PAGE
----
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Thursday, November 04, 2021


by Frank Joussen

The yawning black-brown scar in the earth that is Germany’s Garzweiler coal mine has already swallowed more than a dozen villages. Centuries-old churches and family homes have been razed and the land they were built on torn away. Farmland has disappeared, graveyards have been emptied. “All destroyed for coal,” says Eckhardt Heukamp, surveying the vast pit that drops away from the edge of his fields, 20 miles west of Cologne. But there’s still more under his feet to be mined. Six more villages are threatened. —The Independent (UK), October 31, 2021

The last house in Luetzerath is white.
White like the presidential palace in Washington?
White like Thomas Mann’s house of exile in California?
White like a blank sheet of paper!
Words fail me to describe
the camp, the tree houses,
the posts of activists
directly in front of the oversized pit.
On my long bike tour, in the headwind,
from Erkelenz I planned on
calling it The Last Homely House.
Why not? Is the fruitful homeland of Erkelenz
with its old farms and villages
not a cosy, peaceful Shire?
Isn’t it the Fellowship’s aim,
en route to unknown, unprecedented dangers,
to gather strength at The Last Homely House
before the annihilation of the Evil
so that all of the cultivated world
won’t be destroyed?
Sure. But a homely house
needs homeland around it,
needs safety for heroes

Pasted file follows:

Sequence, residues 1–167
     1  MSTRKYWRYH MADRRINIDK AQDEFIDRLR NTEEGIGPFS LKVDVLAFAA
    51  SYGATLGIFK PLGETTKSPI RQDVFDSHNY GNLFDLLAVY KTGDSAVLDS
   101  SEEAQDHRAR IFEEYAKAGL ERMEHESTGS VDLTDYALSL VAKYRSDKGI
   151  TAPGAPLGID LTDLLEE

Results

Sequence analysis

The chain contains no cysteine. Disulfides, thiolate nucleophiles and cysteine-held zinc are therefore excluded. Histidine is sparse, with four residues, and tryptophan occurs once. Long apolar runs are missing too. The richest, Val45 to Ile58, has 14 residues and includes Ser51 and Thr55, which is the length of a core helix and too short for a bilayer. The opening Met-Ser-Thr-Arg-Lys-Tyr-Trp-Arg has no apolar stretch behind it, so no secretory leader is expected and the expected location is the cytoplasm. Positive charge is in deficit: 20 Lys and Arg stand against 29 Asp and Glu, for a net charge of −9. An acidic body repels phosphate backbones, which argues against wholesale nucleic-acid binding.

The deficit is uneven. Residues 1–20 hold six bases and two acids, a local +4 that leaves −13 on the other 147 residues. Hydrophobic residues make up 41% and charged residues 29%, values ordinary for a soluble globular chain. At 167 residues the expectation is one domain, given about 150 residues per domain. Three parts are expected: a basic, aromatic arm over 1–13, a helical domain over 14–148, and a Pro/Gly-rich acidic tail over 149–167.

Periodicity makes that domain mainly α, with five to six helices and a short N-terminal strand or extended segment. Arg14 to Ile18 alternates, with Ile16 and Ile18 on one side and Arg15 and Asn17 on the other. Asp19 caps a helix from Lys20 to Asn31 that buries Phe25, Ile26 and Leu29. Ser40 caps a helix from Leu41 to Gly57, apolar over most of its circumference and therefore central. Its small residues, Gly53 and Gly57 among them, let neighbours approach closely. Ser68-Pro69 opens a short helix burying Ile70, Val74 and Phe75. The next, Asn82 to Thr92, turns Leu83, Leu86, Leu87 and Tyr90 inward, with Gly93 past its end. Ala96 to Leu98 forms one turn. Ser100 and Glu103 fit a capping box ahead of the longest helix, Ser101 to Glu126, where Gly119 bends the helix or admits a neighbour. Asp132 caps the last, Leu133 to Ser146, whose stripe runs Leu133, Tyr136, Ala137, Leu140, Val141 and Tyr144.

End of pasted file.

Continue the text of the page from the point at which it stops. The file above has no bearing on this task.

recognized by all and sundry
instead of a stand-off between
silent security men
and masked activists.
The latter are friendly, talk to me.
Why not? Doesn’t the land
they wish to protect
belong to all plants, animals, humans
on it?

Even to the security men
when they, without their bright
yellow and black vests,
are back home with their loved ones,
reading their children stories
about the great adventure
to save the world?
Frank Joussen is a German teacher and writer, peace and one world activist. His publications include two selections of his poetry. He has co-edited two international anthologies of poetry/fiction in India and one of short stories in Germany. His poems and short stories have also been published in a variety of literary magazines and anthologies in India, Australia, G.B., the Republic of Ireland, Germany, Romania, Malta, the U.S.A., Canada, China, Thailand and Japan; some of them have been translated into German, Romanian, Hindi and Chinese.